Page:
The Art (and Importance) of Personal Branding

By Kim Hart, Marketing Specialist

The job search in today’s economy, especially as a young professional, can be a lengthy and daunting process. With so many resumes flooding recruiter’s inboxes, how do we distinguish between the truly special candidates? Nowadays, it’s common knowledge that even a Bachelor’s Degree doesn’t go as far as it used to in the professional arena. Due to the fierce competition between job-seekers, and the exponential importance of the internet in all aspects of hiring, it is essential to create a positive personal brand. Unlike the pre-digital age, personal branding no longer refers to just the first impression in the interview. Although the first face-to-face meeting with your potential employer is crucial, it is important to begin planning your personal brand long before that first meeting.


Because it has such an overwhelming influence on society (especially the younger generation of jobseekers), let’s start with our social networks.

First, let me begin by asserting that very few aspects of the internet are confidential. “But my Facebook is set to private!” Sure, it’s great that you’re taking precautions, but sites like Facebook contain several loop holes in the fine print that ensure that everything you post exists in the public domain. Ever notice how they frequently change privacy settings without notifying you? Bingo. Not to say that the engineers behind Facebook are evil-doers, set out to foil your personal brand. However, it is safe to assume that anything that you post can be found by anyone. Forty percent of recruiters and employers do search for their candidates online as part of the screening process. In other words, a photo of you doing tequila shooters in Cabo last summer, or your profane and overtly political tweets, are unfavorable in the mind of your potential employer. If you are in the process of applying for positions, clean up your profile and untag inappropriate photos. If you can, you may want to make your newly-appropriate social media profiles readily available to search. This can make you appear approachable, genuine, and infer that you have nothing to hide.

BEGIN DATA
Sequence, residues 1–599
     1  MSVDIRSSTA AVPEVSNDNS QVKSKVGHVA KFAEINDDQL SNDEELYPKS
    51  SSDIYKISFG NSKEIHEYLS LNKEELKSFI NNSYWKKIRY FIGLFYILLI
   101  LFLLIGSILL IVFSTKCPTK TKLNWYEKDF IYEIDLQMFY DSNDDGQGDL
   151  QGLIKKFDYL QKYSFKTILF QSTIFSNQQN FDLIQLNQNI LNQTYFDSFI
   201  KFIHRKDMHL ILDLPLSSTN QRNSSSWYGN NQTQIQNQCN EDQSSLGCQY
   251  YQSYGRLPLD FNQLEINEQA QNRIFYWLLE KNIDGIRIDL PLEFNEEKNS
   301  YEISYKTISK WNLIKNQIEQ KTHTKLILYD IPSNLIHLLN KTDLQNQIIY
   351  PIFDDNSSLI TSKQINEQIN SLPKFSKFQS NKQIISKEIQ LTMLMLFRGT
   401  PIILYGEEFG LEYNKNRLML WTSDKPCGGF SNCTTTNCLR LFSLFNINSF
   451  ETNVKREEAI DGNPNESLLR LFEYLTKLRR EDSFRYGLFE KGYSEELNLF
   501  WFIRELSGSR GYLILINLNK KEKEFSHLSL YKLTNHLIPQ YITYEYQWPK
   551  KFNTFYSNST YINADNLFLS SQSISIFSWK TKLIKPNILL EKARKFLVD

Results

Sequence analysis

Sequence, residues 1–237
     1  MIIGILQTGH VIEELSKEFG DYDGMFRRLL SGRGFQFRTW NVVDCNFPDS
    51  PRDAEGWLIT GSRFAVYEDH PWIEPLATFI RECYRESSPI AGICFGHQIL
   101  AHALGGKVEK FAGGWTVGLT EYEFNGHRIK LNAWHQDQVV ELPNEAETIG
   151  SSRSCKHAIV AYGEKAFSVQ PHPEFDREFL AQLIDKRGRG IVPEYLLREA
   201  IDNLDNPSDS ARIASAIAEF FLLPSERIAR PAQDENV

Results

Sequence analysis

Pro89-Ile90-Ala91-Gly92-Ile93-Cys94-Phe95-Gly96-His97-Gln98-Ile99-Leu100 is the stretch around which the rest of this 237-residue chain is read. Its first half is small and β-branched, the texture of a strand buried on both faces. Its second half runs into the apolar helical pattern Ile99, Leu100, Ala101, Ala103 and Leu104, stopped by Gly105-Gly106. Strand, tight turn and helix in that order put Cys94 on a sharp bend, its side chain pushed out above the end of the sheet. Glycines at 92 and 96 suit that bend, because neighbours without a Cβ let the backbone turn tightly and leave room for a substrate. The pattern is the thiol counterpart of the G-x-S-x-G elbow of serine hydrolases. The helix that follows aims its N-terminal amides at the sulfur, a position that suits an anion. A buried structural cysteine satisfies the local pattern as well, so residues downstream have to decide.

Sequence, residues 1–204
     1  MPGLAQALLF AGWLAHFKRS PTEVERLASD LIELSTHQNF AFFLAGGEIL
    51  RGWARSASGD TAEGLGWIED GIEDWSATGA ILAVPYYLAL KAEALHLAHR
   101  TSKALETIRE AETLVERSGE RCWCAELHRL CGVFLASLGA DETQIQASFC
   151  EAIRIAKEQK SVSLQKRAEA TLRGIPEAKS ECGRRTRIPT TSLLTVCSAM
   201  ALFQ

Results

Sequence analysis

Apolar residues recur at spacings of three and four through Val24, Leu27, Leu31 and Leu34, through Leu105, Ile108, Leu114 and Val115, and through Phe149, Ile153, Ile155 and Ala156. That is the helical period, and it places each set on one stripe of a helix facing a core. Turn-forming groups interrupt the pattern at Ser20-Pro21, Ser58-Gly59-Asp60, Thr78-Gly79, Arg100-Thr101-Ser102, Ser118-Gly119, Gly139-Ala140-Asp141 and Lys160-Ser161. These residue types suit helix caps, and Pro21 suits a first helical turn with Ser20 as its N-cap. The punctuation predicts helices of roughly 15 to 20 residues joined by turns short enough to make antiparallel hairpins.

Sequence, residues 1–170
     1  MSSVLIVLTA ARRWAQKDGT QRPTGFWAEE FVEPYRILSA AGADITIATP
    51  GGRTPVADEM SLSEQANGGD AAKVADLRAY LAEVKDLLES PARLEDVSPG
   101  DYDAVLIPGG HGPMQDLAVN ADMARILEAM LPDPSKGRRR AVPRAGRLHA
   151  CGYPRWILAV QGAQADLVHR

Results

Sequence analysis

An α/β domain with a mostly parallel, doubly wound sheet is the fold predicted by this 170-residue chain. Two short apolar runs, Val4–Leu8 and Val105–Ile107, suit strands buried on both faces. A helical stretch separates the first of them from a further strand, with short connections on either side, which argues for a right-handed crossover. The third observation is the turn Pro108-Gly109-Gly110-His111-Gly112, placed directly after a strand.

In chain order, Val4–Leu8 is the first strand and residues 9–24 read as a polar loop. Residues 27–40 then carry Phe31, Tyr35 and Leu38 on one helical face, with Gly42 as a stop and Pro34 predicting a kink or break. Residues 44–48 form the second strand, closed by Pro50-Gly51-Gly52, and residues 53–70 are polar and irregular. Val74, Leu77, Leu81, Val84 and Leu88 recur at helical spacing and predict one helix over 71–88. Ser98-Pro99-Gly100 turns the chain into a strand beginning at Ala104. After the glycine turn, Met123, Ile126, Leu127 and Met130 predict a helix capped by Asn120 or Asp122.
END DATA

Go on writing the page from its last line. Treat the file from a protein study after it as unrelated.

If you’re a digital or creative professional, or simply want to establish yourself as an expert in your field, creating a website dedicated to you and your accomplishments is the way to go. Even if you don’t know a thing about website coding, you can set up a free account with WordPress, or similar blogging sites that make it easy for you. Create a few landing pages that are easy to navigate, such as an About page, Resume, Work Samples, and Contact Information. This is where you include your picture (NEVER on your resume!) This makes it convenient for employers to visually digest who you are and the work that you do, and the scrolling pages allow you to add details and work samples that you can’t fit on one printed resume page. This instant portfolio helps you control your personal brand by allowing you to show, not tell, your strengths. Plus, it takes the guesswork out of finding you online, and indicates that you take pride in crafting your professional identity.

Click here to view my portfolio as a formatting example.


When you do finally meet face-to-face, even if you feel like the least-experienced person in the room, broadcast yourself confidently. You want to come across as honest, so boasting experience that you don’t have will get you into trouble. However, avoid shying away from networking opportunities or discussions that can make you shine. Include experience on your website and resume that you can actually have a conversation about. There’s nothing worse than getting asked about your experience, only to find that you can’t expand on it in the actual interview. Choose to include topics that you can confidently discuss, and your personal brand will be that much more impressive.